Many people in America find themselves buried in debts that they can no longer handle. When you’ve reached the point that you have little hope of catching up, you may start considering filing for bankruptcy. Before you do, it’s important to know how declaring bankruptcy works and what it can (and cannot) do for your financial situation. Here’s a closer look at how both chapter 7 and chapter 13 bankruptcy work.
Filing for either type of bankruptcy will enact the automatic stay, which prohibits creditors from taking actions to collect their debts, including calls, letters and potential lawsuits. When you declare Chapter 7 Bankruptcy, most of your unsecured debt (such as credit cards) will be cleared, and you’re typically allowed to keep at least some of your assets to help you rebuild your finances. Although filing for bankruptcy stays on your credit report for 7-10 years, because you’re discharging a large portion of your debts, you can start improving your credit rating immediately.
Bankruptcy is most commonly used for wiping out credit card debt. Your credit card balance is an unsecured debt (it’s secured only under special circumstances), which means that the creditor does not have a lien on any property of yours and cannot repossess anything. There are other types of unsecured debts that are also wiped out by filing Chapter 7 bankruptcy, such as:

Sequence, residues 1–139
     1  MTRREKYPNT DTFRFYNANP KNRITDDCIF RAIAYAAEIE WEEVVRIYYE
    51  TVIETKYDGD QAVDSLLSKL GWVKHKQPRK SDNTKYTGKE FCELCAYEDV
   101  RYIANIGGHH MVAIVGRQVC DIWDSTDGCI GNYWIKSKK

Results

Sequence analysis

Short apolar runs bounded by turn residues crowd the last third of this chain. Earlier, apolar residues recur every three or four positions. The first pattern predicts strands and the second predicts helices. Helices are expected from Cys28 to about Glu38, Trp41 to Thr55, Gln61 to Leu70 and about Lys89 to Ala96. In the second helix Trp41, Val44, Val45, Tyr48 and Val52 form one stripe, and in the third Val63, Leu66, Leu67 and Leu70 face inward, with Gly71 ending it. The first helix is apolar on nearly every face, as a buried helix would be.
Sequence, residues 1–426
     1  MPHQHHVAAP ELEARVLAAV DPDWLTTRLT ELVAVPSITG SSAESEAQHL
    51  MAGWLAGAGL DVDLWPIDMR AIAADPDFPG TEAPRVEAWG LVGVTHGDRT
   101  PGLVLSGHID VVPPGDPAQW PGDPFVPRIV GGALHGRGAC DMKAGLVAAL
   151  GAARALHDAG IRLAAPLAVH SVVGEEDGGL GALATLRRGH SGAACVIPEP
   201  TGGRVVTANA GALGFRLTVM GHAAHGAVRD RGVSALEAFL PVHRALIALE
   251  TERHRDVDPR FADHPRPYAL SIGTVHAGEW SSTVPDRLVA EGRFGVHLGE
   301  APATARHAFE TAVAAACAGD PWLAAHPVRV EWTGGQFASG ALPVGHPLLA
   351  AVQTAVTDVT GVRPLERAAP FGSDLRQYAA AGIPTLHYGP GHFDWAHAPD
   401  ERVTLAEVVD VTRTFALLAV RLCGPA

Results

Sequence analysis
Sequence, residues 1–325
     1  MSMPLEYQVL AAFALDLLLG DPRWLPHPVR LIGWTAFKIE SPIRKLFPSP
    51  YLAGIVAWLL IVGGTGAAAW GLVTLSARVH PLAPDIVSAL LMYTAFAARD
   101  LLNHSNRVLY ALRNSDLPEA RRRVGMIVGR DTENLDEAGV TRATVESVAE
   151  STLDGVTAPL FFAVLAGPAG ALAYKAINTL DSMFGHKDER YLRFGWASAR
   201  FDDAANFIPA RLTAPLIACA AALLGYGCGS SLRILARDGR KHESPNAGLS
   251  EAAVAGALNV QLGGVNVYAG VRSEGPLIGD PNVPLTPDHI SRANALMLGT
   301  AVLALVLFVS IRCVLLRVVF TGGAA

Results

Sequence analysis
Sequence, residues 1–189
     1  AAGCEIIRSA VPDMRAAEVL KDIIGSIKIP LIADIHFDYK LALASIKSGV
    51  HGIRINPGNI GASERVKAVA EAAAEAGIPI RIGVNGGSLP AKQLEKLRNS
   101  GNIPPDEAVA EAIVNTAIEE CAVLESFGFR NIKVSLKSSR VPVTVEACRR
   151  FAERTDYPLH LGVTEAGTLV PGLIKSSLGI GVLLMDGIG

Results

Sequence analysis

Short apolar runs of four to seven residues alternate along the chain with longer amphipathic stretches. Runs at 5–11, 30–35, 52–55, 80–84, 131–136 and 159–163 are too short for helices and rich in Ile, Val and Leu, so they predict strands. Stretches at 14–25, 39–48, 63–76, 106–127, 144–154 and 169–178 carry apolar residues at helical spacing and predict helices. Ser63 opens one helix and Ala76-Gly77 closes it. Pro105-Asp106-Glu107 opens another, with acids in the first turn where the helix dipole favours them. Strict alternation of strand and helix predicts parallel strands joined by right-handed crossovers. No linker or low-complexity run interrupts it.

- credit card charges (including overdue and late fees)
- collection agency accounts
- medical bills
- personal loans from friends, family, and employers
- utility bills (past due amounts only)
- auto accident claims (except those involving drunk driving)
- business debts
- money owed under lease agreements (includes past due rent)
- social security overpayments, and
- veterans assistance loans and overpayments.
Consult a Debt Resolution Attorney.
There are a lot of facets that will determine whether filing for bankruptcy is right for you, and which type of bankruptcy will serve your needs. Speaking to an experienced bankruptcy attorney can help you determine if declaring bankruptcy is the appropriate move. The attorney can discuss your options with you, and if you do file, the attorney will also ensure that your property is protected, that you’re released from all of your dischargeable debts and that creditors do not violate your rights.